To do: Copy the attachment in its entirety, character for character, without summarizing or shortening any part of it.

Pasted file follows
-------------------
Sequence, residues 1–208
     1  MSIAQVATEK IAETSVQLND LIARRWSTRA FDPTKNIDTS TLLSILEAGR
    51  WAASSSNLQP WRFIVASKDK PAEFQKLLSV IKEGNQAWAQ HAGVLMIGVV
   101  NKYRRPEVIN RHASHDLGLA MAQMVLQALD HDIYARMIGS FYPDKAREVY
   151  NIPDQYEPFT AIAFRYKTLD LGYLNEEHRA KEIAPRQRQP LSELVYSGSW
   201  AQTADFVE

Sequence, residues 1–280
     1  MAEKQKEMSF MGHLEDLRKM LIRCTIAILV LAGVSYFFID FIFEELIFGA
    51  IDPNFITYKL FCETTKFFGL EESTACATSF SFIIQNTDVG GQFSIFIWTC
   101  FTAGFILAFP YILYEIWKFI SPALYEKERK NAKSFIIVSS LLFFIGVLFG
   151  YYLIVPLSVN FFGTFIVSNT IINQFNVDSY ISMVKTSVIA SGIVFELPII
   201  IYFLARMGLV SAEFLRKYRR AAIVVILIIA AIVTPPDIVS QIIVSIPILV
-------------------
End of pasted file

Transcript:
Sequence, residues 1–208
     1  MSIAQVATEK IAETSVQLND LIARRWSTRA FDPTKNIDTS TLLSILEAGR
    51  WAASSSNLQP WRFIVASKDK PAEFQKLLSV IKEGNQAWAQ HAGVLMIGVV
   101  NKYRRPEVIN RHASHDLGLA MAQMVLQALD HDIYARMIGS FYPDKAREVY
   151  NIPDQYEPFT AIAFRYKTLD LGYLNEEHRA KEIAPRQRQP LSELVYSGSW
   201  AQTADFVE

Sequence, residues 1–280
     1  MAEKQKEMSF MGHLEDLRKM LIRCTIAILV LAGVSYFFID FIFEELIFGA
    51  IDPNFITYKL FCETTKFFGL EESTACATSF SFIIQNTDVG GQFSIFIWTC
   101  FTAGFILAFP YILYEIWKFI SPALYEKERK NAKSFIIVSS LLFFIGVLFG
   151  YYLIVPLSVN FFGTFIVSNT IINQFNVDSY ISMVKTSVIA SGIVFELPII
   201  IYFLARMGLV SAEFLRKYRR AAIVVILIIA AIVTPPDIVS QIIVSIPILV